Financed by: European Commission - DG Research & Innovation
Budget: 839,861 EURO
Research area/market/industry/sector: 1. Health; 2. Food, Agriculture, Biotech; 3. Information and Communication Technologies - ICT; 4. Nanotech, Materials, Processes; 5. Energy; 6. Environment; 7. Transport - incl. Air transport and Galileo; 8. Socio-economic Sciences and the Humanities; 9. Space; 10. Security; 11. Nuclear research - EURATOM; 12. Capacities.
Main report (full title): iKnow ERA Toolkit & iKnow Policy Alerts

GRAND CHALLENGES

Economic Challenges: Economic prosperity and growth dynamics: At the top of the policy agenda is economic prosperity - if this is not too ironic, in the Europe of 2011, ravaged by austerity, unemployment and threat of financial default. At the same time there is increased questioning of the real meaning of ‘prosperity’: how far it widens the gap between elite and majority; how far it rests on a fading model of developed versus developing worlds; how far it damages the environmental life-support system; and most fundamentally, whether material affluence can equate to real prosperity and personal well-being. Even within the mainstream economic agenda, there is a growing awareness that economics seems to lack some essential understanding of the dynamics of the problem, which may be much more structural than simply a lack of credit. Emergency measures such as the Financial Stability Fund are widely seen to be for the benefit of the financial elite who continue to help themselves; and most conventional policy options such marginal tax rate changes, seem to be quite marginal to the issue.

Urban and rural dynamics: As the rest of the world moves towards an urban future, the already urbanised Europe faces new challenges. There are new concepts and definitions of ‘cities’ and settlements: counter-urbanised ‘edge cities’ and peri-urban hinterlands: networked communities and virtual cities: and new forms of sun-belt tourism or campus parkway type cities, are all stretching the boundaries of what used be called ‘urban’. In parallel, there is an emerging understanding of cities, not so much as territories but as flows or relationships, which can work on local, regional or trans-national scales. The European agenda for ‘territorial cohesion’ attempts to provide some rational policy structure for such flows, but it is an uphill task when most of the forces which drive urban and regional change, appear to be outside the scope of public policy. At the same the many kinds of dysfunctions, social pathologies and policy gaps, are generally left for the public sector to pick up the pieces.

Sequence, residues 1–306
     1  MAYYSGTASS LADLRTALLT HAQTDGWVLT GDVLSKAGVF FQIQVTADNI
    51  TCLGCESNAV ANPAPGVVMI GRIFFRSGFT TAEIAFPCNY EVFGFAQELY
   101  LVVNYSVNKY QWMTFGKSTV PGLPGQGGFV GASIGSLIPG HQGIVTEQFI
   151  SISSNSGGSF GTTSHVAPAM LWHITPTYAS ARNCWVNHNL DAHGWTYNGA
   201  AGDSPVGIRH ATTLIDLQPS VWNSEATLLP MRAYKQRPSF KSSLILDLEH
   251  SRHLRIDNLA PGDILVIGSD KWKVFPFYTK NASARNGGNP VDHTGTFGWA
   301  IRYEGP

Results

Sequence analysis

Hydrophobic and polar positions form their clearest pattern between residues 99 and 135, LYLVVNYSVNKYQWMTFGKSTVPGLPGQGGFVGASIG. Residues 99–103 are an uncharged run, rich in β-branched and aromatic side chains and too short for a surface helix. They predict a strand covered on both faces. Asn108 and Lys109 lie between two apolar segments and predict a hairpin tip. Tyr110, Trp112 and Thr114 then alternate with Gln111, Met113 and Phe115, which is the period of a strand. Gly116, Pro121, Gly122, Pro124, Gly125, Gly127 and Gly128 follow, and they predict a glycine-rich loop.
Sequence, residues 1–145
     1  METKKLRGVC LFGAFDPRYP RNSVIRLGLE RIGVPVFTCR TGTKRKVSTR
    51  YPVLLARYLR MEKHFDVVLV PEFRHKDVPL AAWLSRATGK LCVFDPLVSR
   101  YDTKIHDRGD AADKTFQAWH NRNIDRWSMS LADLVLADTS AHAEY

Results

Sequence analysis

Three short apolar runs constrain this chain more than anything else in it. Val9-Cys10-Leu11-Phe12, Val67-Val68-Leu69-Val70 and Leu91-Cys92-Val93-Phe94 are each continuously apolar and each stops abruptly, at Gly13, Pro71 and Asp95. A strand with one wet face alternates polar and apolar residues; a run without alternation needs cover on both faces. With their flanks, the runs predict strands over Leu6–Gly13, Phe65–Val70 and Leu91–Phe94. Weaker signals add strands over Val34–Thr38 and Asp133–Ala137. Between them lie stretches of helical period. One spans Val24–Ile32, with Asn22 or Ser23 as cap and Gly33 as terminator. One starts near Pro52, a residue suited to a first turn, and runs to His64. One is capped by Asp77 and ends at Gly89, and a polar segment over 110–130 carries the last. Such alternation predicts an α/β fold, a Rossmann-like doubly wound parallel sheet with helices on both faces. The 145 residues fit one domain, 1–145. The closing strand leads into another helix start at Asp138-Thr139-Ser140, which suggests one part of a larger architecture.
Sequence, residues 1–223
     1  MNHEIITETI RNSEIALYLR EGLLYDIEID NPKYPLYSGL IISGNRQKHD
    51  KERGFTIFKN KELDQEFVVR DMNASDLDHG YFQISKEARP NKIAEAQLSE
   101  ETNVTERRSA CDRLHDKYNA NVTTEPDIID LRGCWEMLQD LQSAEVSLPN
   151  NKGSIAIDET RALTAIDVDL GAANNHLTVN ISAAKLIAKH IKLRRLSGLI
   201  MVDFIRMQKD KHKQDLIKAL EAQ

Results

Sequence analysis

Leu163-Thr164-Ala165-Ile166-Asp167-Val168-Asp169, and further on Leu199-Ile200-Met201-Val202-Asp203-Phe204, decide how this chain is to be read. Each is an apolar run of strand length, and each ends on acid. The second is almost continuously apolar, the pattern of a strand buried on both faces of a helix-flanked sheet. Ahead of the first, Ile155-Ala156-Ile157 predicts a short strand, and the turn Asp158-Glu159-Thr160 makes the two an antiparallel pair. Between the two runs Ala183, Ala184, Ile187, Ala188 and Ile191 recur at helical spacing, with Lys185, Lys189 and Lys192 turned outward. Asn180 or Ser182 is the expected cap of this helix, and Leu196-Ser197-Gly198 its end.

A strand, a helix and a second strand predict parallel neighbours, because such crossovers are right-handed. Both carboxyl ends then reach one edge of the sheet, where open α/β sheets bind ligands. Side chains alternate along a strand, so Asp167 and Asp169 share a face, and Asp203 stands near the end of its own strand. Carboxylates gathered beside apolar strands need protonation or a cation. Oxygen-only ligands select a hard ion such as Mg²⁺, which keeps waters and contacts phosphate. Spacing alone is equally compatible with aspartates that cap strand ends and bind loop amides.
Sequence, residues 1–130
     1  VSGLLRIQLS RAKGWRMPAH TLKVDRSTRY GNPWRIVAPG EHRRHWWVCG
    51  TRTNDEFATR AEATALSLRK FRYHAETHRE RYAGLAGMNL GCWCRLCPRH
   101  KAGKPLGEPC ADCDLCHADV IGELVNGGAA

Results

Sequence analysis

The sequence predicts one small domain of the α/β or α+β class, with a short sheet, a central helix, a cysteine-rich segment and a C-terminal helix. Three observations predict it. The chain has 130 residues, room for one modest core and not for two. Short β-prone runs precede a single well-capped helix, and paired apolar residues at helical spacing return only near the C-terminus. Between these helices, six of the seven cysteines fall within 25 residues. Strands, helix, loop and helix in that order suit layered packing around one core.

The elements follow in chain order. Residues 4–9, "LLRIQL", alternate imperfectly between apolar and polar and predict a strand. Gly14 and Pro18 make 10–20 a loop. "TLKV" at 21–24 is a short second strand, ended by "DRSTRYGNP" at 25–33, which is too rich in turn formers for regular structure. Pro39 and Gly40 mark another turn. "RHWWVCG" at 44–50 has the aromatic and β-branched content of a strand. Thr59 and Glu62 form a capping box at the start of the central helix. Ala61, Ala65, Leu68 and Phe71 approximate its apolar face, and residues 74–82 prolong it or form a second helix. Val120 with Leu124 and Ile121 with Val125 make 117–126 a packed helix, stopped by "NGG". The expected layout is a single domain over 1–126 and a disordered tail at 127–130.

Economic Challenges Shortlist: Re-evaluate the concept economic prosperity as the overarching goal of European policy; Address phenomena connected to the overarching goal of 'prosperity'; such as the widening gap between elite and majority, the fading model of developed vs. developing worlds, how the concept of prosperity damages the the environmental life-support system, or wheter material affluence equates to real prosperity and personal well-being; Undertake efforts to understanding of the dynamics of the European financial and economic problem, which may be much more structural than simply a lack of credit.; Develop policy structure to capture new and emerging concepts and definitions of ‘cities’ and settlements: counter-urbanised ‘edge cities’ and peri-urban hinterlands, networked communities and virtual cities, and new forms of sun-belt tourism or campus parkway type cities
Geopolitical Challenges: Energy security and vulnerability: Energy is the lifeblood of a modern society, yet its supply appears more vulnerable and less secure than ever before. The interface of energy production with climate emissions requires a rapid transition away from fossil fuels; but in reality, nuclear energy has been discredited by the Japanese accident of 2011, and many renewable energies are expensive and/or have major environmental impacts of their own. New sources of fossil fuels such as the Arctic are discovered, but with ever-rising environmental damage, while the ‘peak oil’ moment comes ever closer.